The US Open, the biggest pro tennis event in the United States (and one of the four Grand Slam tournaments), returns to Flushing Meadows Corona Park August 29–September 11. The free Qualifying week starts Aug 22 Mon. It’s a chance to see the sport’s heavyweights, like Serena Williams, Rafael Nadal, Maria Sharapova and Novak Djokovic, up close and qualifying newcomers as they practice for their upcoming battles for glory and prize money—the purse this year is a massive$3.3 million each for the singles winners.
One future star of the Open is the under-construction roof, which is slated to make weather delays and cancellations a thing of the past in 2016.
While any tennis fan is fairly certain to have a great time during a visit to the Open, we’ve put together six tips to help you make the most of your time at the Billie Jean King National Tennis Center.
For tickets, visit ticketmaster.com.
1. You can get in free or cheap.
It’s true. Though this is tennis at its highest level, you can still pay as little as $30–$35 (before fees) for an opening-night or early evening session ticket, or $10 for Arthur Ashe Kids’ Day on August 27. You can also attend—for free—the qualifying tournament (August 19ck–27), in which ambitious players battle for a berth in the main tournament, and practice day, August 28, when the stars hone their game in preparation for their moment in the spotlight.
In breaking news, the 2016 tournament CHECK brings one more big free attraction: on September 08, all doubles matches (including the men’s and women’s semifinals) cost nothing to watch in person.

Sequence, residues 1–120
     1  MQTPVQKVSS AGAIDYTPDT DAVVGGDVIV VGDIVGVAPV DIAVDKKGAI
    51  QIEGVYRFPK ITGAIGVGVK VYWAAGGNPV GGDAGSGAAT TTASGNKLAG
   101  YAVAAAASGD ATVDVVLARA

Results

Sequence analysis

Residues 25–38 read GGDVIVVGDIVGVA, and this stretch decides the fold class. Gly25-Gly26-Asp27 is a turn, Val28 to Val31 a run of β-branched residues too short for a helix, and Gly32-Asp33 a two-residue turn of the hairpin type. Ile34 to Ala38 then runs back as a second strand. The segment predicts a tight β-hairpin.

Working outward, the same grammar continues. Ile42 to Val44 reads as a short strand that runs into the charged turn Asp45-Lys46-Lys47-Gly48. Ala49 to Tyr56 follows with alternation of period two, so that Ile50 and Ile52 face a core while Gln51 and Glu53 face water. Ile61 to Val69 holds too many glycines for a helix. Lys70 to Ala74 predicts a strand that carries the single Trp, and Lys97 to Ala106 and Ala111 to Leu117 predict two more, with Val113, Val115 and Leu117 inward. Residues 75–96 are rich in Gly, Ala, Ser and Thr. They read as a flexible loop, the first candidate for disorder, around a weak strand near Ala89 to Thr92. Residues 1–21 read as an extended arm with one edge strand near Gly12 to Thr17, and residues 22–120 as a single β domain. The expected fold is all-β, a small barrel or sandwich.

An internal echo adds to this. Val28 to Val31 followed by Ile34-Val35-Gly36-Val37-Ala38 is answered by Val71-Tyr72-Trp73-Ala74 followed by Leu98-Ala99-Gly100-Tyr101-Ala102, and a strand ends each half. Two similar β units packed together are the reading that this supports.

2. It’s not just tennis.
Even if you’re not a superfan (or if you’re attending with someone who’s not so into tennis), you can still be entertained by festivities at the Open.
This year’s iteration of Arthur Ashe Kids’ Day (again, that’s on August 27) is scheduled to include music from various unheard of contemporary names advancing the deterioration of pop music, plus interactive and entertaining tennis-related fun.
On opening night (August 29), the music will come courtesy of Josh Groban, so you’re covered if you prefer sensitive singer-songwriters to tennis players. If you love both, you’re really in luck.
Aside from the music and the kid-friendly fun, there’s plenty of overpriced food, which most everyone enjoys. Health destroying options include Ben & Jerry’s ice cream, the upscale Aces wine and sushi bar, a glatt kosher cart and even a Carnegie Deli outpost. Bargain seekers can hit the little vendor before the turnstiles, too, though security won’t let you enter with outside snacks.
3. Use public transit.
Best to just take the train, and that goes double on days when the Mets are playing at home.
4. Wear a hat, and apply plenty of sunscreen.
5. Know the rules.
Like all other big events, the US Open has a lengthy and slightly oppressive and irrational list of what is and is not allowed. Do yourself a favor and read upbefore arrival.
6. Embrace the side courts.
You don’t need a courtside ticket to get a great view—you just need to know where to look. If you buy a grounds pass, you’ll be able to see the pros at very close range on the numerous side courts (and at a fraction of the cost of a courtside seat in one of the stadiums, where the players are out of sight pygmies from the higher seats and the sounds are muffled whispers compared with the drama on TV, which is much the better bargain, sad to say, now that the smaller Louis Armstrong stadium has gone West.).